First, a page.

Some of the songs are just beautiful fragments of melody and harmony wrapped about an extraordinarily articulate artist baring his soul. Some are the songwriting equivalent of Haiku. Some are Sonnets, and Some... 
The arrangements are sparse, and in general acoustic. Even in Jacques Brel or Scott Walker I've never heard so melancholy a sound as Dave's Accordian. (As an aside, when a drummer plays keyboards and accordian, you just know this ain't an ordinary band.)
I'm going to ask Pod (Karl) to show me around the mandolin - next on my buying list, or if not next, pretty high up the order.
Some of these are the slowest songs I've ever heard.
It is a melancholy (that word again) album that's strangely uplifting.
Much of it is lyrically quixotic: balancing squalor and humanity; lust, love, and morality.
Steve's doing a damn fine job on these mixes.
There are no explosions, no distortion pedals, no special effects (some nice reverbs). It was just recorded with good mics and pre-amps in a good space with a good vibe (in general - though there was some production friction earlier, but when isn't there?)

This music bleeds humanity, my dears, and I am smit.
johnny9fingers: (Default)
Lyndon has promised a track from the album to for preview, if that's the word. He'll allow me to put it on LJ. When it comes through I'll post it and you can all give me your comments if you want.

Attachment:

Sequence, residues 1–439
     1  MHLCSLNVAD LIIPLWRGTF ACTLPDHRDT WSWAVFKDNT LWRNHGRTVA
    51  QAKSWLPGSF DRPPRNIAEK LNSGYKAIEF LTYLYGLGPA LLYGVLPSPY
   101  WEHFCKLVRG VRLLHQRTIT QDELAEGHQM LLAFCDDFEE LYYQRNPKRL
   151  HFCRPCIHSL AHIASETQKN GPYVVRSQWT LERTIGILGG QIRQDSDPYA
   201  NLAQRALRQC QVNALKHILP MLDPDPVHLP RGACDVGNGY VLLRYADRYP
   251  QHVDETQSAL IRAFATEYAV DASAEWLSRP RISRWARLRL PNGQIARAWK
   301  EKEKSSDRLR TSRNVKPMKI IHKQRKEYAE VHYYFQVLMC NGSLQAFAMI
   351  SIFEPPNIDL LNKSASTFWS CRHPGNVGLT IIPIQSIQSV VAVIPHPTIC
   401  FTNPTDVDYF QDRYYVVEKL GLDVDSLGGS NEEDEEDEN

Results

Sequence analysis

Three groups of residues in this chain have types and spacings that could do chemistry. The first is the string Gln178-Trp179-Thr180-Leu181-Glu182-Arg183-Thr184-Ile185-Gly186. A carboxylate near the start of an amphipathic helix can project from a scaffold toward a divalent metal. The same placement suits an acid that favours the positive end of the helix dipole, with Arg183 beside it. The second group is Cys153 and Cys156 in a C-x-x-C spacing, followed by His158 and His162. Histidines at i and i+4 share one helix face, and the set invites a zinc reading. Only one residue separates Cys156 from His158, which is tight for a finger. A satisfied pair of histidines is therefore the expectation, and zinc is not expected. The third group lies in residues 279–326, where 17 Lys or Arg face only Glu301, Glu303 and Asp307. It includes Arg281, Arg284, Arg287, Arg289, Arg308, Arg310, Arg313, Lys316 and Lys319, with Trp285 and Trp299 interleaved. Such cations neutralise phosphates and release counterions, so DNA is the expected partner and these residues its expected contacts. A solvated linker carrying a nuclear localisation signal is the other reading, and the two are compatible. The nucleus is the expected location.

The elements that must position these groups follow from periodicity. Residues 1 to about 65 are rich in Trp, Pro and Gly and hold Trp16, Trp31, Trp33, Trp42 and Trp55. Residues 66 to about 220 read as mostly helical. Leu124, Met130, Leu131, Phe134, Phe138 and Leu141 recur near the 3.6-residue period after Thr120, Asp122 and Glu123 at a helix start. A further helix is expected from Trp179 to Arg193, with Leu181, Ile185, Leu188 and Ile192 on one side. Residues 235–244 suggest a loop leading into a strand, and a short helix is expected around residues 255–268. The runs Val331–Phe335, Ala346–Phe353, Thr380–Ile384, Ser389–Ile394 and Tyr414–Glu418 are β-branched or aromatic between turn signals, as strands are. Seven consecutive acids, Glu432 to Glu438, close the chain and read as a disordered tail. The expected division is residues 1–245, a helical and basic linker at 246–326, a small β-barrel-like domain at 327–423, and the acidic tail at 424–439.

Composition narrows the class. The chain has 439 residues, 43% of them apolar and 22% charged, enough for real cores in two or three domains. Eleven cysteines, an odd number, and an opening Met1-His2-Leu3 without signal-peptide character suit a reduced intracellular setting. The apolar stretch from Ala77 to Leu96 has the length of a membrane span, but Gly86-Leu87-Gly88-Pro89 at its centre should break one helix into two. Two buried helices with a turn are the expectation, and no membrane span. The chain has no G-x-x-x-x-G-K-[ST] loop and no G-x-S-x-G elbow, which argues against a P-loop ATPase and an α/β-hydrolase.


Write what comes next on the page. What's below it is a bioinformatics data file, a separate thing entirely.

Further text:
I worry that I'm too close to the whole process to judge accurately, but I'm an old cynical studio dog: it really takes something for me to get this enthused.
I have a feeling I'll dine out on this for years to come - It's unreal in its brilliance, passion, and restraint.
johnny9fingers: (Default)

I am listening to the rough mixes of one of the best albums I've heard.
Of the 24 songs Songdog have recorded they'll only have space for 14. This might be a crime against the art of songwriting.
Of course, no-one else will ever listen to it: but this album (when it comes out) should propel these guys into the stratosphere. Comparisons are often odious...nevertheless if you think of the best and most humane albums from songwriters of whom you know, this album (as and when) should be in your top twenty.
Aside of shouting it from the rooftops, I don't know what else to do.
When one stumbles upon great art one has certain duties.
The first is dissemination, and this I must do.

johnny9fingers: (Default)
Ah. There have been some developments.
Steve has agreed to mix the tracks and pass them to Nick (the producer) for approval, in the old fashioned way. Steve's a very good mixing engineer, but now the pressure's on him, poor bunny. A position exposed to a huge amount of scrutiny, and one he didn't expect. I remain confident that he'll get the best from the tracks.
In the middle of all this kerfuffle I had a 'phone call from a New York based company asking if we had any time today for one of their artists. I had to explain that we were booked out for the next week, and couldn't help. I didn't even find out who the artist was. Bright man, Ninefingers.
Oh well.